Roy Keane to Celtic: Martin O'Neill insists he wouldn't stand in Keane's way if he wished to replace the departed Neil Lennon as manager of Celtic
Lennon left this week after winning a third Scottish Premiership title but Keane rejected talk of a return to the club
Saturday 24 May 2014
Republic of Ireland boss Martin O'Neill has insisted he would not stand in Roy Keane's way if he was offered the chance to manage Celtic.
O'Neill's 42-year-old assistant has been heavily linked with the post vacated by Neil Lennon earlier this week despite distancing himself from the role on Friday.
However, as the former Manchester United skipper jetted out to Lisbon in his role as a television pundit for the Champions League final, the Ulsterman was unequivocal when asked what his reply would be should he be asked by Hoops' majority shareholder Dermot Desmond about Keane.
O'Neill said: "I would say that he would make a good manager, I have always said this about Roy Keane. I think the experiences he has had at Sunderland and Ipswich will stand him in good stead.
"He is naturally disappointed by the Ipswich affair, and it's not something he wants to leave.
"He has this opportunity to come with me as my assistant here at this moment, but I have often said to you that he will be a manager, he will be a manager.
"I think this particular element - it's just my view - is good for him. It gives him a chance to look at it, maybe work with somebody with a bit of experience like myself.
"But he will become a manager, there's no question about it.
"Naturally having brought him in, I'd be disappointed if it went through that he's gone, but I wouldn't really be standing in his way in that sense.
"I'd speak to him, I'd speak to [FAI chief executive] John Delaney as well - I think Roy mentioned that the other day - if that's the case, but it is honestly pure speculation at this minute.
"But it doesn't bother me too much at all - or at least I am trying to show that."
Desmond, of course, helped broker the deal which established the unlikely partnership between former Celtic boss O'Neill and Keane as the Football Association of Ireland looked for a replacement for Giovanni Trapattoni.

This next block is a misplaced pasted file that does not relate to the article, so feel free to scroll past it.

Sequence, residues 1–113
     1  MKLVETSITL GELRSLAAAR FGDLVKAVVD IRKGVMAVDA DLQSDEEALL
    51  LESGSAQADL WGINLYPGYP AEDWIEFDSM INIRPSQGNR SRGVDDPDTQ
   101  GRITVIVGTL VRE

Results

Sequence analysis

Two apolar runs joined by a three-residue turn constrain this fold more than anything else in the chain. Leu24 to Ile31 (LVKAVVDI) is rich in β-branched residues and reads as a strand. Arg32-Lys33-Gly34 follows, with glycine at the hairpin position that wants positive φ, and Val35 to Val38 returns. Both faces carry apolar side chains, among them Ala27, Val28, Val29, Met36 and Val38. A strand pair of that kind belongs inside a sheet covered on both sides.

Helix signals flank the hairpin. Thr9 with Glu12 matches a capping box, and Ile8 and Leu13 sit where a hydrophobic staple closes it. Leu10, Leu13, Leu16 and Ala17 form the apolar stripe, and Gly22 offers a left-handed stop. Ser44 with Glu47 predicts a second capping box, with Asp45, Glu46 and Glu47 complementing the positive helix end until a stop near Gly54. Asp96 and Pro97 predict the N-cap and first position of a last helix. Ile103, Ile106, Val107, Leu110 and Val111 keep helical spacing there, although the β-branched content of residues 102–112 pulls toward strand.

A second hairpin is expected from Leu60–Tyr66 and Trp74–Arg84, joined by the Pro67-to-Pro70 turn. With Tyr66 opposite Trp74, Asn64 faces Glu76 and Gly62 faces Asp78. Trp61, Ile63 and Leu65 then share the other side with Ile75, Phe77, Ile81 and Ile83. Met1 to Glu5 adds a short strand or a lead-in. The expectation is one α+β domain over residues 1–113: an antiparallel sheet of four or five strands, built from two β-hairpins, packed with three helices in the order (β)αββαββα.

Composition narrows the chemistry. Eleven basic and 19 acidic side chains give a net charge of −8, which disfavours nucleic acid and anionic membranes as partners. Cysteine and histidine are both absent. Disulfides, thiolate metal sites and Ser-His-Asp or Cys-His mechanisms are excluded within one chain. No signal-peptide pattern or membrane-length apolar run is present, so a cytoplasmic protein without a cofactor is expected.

There were more than a few raised eyebrows when the younger man accepted the subordinate post having previously managed in his own right at both the Stadium of Light and Portman Road.
He was not being mentioned in dispatches for vacancies at the time, but O'Neill has no problem with the fact that his name now appears to be back on the horizon.
He said: "When I took him on in the first place, I can't say I had really thought that particular element of it through.
"It wasn't top of list at the time because he wasn't being mentioned for jobs, but such is the profile of the man that really I probably should have expected it.
"He was linked also as assistant to [Louis] Van Gaal at Manchester United, he is being linked everywhere.
"It genuinely isn't a problem to me. Obviously it may well be when he is actually specifically asked for a managerial job. I will deal with that when it comes, if it comes."
O'Neill's relaxed attitude may stem in part from the fact that the focus of attention has already shifted markedly in the few days since Lennon ended his four-year stay at Parkhead.
Henrik Larsson was swiftly installed as the bookmakers' favourite, prompting a series of questions about him to his one-time manager as he held his Republic press conference on Thursday afternoon, although the Swede has since slipped in the reckoning.
O'Neill said: "When we were doing a press conference, Henrik Larsson was nailed on for it, and then suddenly he was nailed off again, so I don't know how serious it is at all.
"If it arrives, then I'll deal with it, if that's the case."
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